Tinctures are sold as liquids and are used for
concentrating and preserving a botanical. They are made
in different strengths that are expressed as
botanical-to-extract ratios (i.e., ratios of the weight
of the dried botanical to the volume or weight of the
- An extract is made by
soaking the botanical in a liquid that removes specific
types of chemicals. The liquid can be used as is or
evaporated to make a dry extract for use in capsules or
Are botanical dietary
Standardization is a process that manufacturers may use to
ensure batch-to-batch consistency of their products. In
some cases, standardization involves identifying specific
chemicals (also known as markers) that can be used to
manufacture a consistent product. The standardization
process can also provide a measure of quality control.
Dietary supplements are not required to be standardized in
the United States. In fact, no legal or regulatory
definition exists for standardization in the United States
as it applies to botanical dietary supplements. Because of
this, the term "standardization" may mean many different
things. Some manufacturers use the term standardization
incorrectly to refer to uniform manufacturing practices;
following a recipe is not sufficient for a product to be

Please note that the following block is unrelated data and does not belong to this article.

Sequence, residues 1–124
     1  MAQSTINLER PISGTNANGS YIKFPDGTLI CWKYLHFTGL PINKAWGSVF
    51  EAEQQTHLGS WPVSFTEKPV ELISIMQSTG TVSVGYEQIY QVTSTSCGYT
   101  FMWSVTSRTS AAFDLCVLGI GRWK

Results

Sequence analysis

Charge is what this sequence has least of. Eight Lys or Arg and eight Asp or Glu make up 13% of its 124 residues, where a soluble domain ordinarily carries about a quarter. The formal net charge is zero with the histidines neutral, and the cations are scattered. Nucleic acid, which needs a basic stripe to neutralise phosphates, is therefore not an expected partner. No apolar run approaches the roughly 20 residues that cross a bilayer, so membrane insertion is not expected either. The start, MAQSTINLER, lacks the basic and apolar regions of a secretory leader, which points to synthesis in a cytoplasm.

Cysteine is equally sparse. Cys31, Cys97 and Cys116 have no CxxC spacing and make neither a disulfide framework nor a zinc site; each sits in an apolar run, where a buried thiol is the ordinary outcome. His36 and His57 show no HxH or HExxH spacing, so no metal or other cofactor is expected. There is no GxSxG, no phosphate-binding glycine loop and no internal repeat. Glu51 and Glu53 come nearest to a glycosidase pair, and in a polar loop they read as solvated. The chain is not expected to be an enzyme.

called standardized. Therefore, the presence of the word
"standardized" on a supplement label does not necessarily
indicate product quality.
Ideally, the chemical markers chosen for standardization
would also be the compounds that are responsible for a
botanical's effect in the body. In this way, each lot of
the product would have a consistent health effect.
However, the components responsible for the effects of
most botanicals have not been identified or clearly
defined. For example, the sennosides in the botanical
senna are known to be responsible for the laxative effect
of the plant, but many compounds may be responsible for
valerian's relaxing effect.
Are botanical dietary supplements safe?
Many people believe that products labeled "natural" are
safe and good for them. This is not necessarily true
because the safety of a botanical depends on many things,
such as its chemical makeup, how it works in the body, how
it is prepared, and the dose used.
The action of botanicals range from mild to powerful
(potent). A botanical with mild action may have subtle
effects. Chamomile and peppermint, both mild botanicals,
are usually taken as teas to aid digestion and are
generally considered safe for self-administration. Some
mild botanicals may have to be taken for weeks or months
before their full effects are achieved. For example,
valerian may be effective as a sleep aid after 14 days of
use but it is rarely effective after just one dose. In
contrast a powerful botanical produces a fast result.
Kava, as one example, is reported to have an immediate and
powerful action affecting anxiety and muscle relaxation.
The dose and form of a botanical preparation also play